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Putting a hole in the center of the donut -- a mid-nineteenth-century invention -- allows the deep-fried pastry to cook evenly, inside and out. As it turns out, the hole in the center of the donut also holds answers for a type of more efficient and reliable quantum information teleportation, a critical goal for quantum information science.

Quantum teleportation is a method of communicating information from one location to another without moving the physical matter to which the information is attached. Instead, the sender (Alice) and the receiver (Bob) share a pair of entangled elementary particles -- in this experiment, photons, the smallest units of light -- that transmit information through their shared quantum state. In simplified terms, Alice encodes information in the form of the quantum state of her photon. She then sends a key to Bob over traditional communication channels, indicating what operation he must perform on his photon to prepare the same quantum state, thus teleporting the information.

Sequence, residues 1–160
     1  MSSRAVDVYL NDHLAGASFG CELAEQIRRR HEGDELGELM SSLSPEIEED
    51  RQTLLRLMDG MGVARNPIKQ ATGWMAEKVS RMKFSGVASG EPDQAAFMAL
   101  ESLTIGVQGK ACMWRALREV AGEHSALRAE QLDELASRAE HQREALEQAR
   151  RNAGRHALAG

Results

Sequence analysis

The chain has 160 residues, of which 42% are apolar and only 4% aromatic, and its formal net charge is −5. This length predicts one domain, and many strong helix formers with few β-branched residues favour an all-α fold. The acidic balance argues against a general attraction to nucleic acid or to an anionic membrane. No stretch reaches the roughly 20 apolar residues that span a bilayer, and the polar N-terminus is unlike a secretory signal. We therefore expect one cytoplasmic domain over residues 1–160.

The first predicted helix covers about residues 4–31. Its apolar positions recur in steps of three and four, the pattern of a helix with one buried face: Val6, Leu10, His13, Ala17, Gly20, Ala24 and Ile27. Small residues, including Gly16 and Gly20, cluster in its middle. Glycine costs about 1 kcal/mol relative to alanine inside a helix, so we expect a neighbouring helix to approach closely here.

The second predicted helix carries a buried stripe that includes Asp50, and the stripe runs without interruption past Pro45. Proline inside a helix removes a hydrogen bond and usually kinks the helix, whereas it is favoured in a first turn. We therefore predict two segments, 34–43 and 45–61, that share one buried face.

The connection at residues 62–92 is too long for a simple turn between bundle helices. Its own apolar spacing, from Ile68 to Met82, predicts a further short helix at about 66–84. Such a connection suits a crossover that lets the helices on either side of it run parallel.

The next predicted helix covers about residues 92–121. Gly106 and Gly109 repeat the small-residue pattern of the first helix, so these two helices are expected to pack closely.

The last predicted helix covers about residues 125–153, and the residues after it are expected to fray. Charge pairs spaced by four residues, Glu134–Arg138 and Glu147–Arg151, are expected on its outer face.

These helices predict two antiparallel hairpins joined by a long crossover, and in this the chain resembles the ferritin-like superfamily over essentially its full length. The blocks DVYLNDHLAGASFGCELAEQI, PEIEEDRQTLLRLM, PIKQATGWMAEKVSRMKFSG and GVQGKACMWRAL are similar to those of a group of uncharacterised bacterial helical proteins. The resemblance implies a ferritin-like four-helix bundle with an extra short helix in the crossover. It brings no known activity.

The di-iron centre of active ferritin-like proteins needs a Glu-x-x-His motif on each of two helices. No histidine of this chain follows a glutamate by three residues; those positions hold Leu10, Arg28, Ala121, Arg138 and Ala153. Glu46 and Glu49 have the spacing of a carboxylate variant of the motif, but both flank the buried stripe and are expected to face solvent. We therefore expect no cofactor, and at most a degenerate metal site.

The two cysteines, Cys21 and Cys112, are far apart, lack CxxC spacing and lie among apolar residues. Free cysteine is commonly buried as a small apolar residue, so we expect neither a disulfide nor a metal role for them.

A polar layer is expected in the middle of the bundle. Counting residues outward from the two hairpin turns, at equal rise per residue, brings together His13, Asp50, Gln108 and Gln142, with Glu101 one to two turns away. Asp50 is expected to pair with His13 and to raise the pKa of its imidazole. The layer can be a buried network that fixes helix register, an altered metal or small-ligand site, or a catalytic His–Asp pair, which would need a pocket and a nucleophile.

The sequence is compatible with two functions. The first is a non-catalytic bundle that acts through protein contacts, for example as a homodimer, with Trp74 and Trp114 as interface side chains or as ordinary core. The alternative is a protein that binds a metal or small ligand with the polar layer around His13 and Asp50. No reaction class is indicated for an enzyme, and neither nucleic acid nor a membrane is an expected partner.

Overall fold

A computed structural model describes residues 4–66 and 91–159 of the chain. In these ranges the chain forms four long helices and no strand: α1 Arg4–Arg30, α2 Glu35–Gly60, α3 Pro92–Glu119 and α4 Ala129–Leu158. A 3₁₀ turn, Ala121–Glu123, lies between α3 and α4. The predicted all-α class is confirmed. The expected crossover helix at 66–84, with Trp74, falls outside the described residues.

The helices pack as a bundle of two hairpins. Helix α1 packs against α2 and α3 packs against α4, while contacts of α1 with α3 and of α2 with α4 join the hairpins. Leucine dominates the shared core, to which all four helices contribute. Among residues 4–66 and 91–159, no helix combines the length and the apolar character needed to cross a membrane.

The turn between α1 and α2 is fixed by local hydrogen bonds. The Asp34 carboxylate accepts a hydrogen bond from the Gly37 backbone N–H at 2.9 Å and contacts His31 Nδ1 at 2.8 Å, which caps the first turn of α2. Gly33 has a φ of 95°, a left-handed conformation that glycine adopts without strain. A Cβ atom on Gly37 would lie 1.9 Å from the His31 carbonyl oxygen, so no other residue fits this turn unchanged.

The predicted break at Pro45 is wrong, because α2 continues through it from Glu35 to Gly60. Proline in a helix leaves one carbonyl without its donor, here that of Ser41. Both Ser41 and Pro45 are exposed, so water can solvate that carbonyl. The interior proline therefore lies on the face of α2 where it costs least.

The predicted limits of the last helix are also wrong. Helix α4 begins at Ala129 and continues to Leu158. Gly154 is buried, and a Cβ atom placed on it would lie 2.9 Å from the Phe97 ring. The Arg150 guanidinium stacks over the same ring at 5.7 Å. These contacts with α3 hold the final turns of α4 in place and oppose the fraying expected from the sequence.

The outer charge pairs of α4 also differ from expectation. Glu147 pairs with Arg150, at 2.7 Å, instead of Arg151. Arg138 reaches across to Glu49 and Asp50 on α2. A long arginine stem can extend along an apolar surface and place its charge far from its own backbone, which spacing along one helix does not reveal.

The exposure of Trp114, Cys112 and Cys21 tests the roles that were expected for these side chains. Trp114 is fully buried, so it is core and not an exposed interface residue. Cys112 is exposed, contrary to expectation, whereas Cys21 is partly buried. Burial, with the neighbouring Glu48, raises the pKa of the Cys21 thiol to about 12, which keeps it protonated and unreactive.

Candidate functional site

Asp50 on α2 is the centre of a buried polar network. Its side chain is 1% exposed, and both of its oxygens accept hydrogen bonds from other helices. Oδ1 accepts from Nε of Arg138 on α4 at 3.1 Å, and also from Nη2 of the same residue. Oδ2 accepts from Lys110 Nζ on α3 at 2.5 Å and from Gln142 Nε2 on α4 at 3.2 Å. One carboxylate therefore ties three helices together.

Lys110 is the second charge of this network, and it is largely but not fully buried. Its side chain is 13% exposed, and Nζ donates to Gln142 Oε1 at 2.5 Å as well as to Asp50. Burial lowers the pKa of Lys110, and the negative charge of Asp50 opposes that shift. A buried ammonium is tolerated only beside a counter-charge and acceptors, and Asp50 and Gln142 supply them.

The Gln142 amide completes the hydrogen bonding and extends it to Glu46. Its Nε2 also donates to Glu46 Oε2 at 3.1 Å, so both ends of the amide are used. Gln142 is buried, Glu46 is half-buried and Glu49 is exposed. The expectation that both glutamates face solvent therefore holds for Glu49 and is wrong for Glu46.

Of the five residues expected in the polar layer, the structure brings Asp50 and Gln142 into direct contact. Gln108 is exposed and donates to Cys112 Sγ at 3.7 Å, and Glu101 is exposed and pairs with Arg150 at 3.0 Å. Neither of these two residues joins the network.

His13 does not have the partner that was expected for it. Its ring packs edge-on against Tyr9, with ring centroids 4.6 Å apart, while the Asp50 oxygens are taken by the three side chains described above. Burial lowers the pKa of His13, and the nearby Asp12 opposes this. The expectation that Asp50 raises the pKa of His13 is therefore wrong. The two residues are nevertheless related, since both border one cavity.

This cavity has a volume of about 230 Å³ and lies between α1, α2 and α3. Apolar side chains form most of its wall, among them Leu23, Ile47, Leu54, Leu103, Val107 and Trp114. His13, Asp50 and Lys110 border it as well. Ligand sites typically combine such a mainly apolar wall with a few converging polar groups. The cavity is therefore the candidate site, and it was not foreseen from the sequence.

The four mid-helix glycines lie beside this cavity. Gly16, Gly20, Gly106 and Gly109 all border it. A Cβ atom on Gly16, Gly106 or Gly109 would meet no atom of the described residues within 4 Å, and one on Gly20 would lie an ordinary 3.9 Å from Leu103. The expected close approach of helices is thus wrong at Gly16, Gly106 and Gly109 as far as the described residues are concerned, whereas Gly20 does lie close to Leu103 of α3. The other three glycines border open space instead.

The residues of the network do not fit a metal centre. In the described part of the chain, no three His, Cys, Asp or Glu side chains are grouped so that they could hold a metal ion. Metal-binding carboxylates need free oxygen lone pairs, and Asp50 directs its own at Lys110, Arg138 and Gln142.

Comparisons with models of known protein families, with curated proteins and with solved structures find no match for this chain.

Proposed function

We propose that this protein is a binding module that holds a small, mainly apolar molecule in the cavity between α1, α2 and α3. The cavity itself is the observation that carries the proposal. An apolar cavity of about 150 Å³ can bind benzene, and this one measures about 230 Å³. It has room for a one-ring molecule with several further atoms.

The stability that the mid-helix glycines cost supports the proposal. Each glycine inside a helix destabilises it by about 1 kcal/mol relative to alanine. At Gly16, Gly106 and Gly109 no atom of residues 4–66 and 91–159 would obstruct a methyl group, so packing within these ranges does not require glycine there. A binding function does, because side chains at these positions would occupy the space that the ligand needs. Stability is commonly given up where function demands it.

Quantum teleportation has been achieved by a number of research teams around the globe since it was first theorized in 1993, but current experimental methods require extensive resources and/or only work successfully a fraction of the time.

Now, by taking advantage of the mathematical properties intrinsic to the shape of a donut -- or torus, in mathematical terminology -- a research team led by physicist Paul Kwiat of the University of Illinois at Urbana-Champaign has made great strides by realizing "superdense teleportation." This new protocol, developed by coauthor physicist Herbert Bernstein of Hampshire College in Amherst, MA, effectively reduces the resources and effort required to teleport quantum information, while at the same time improving the reliability of the information transfer.

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